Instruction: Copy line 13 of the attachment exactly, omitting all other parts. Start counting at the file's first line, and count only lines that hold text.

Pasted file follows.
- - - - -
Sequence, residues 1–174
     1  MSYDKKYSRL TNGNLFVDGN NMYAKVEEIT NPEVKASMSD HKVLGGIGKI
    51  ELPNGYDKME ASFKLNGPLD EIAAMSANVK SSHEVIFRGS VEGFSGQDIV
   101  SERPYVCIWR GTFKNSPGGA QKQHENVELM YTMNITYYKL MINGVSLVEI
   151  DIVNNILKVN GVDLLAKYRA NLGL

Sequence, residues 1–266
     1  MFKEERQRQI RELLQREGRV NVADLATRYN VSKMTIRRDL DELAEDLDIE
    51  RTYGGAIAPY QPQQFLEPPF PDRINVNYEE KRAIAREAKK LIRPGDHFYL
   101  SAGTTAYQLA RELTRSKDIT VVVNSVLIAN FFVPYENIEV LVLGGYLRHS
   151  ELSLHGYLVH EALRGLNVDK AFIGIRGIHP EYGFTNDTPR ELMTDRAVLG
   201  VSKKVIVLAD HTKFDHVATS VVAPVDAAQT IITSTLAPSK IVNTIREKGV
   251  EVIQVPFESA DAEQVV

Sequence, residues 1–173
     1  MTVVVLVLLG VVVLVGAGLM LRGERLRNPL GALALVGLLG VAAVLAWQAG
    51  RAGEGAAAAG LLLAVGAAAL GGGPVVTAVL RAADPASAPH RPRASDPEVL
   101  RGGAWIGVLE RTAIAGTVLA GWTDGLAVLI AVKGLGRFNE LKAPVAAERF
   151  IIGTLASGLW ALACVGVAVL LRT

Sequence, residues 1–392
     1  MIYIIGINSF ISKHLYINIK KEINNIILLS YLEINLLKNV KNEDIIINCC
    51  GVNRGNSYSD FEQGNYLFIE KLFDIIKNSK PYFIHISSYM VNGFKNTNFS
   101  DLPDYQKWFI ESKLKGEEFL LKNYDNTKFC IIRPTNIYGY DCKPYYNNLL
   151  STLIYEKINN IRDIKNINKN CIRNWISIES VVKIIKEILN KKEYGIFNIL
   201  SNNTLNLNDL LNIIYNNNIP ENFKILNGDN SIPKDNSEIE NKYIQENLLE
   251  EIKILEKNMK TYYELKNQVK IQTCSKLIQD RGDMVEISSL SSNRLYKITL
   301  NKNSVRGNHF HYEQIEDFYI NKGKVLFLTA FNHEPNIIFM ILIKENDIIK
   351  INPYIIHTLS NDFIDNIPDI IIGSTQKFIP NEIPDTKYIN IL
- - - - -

Sequence, residues 1–173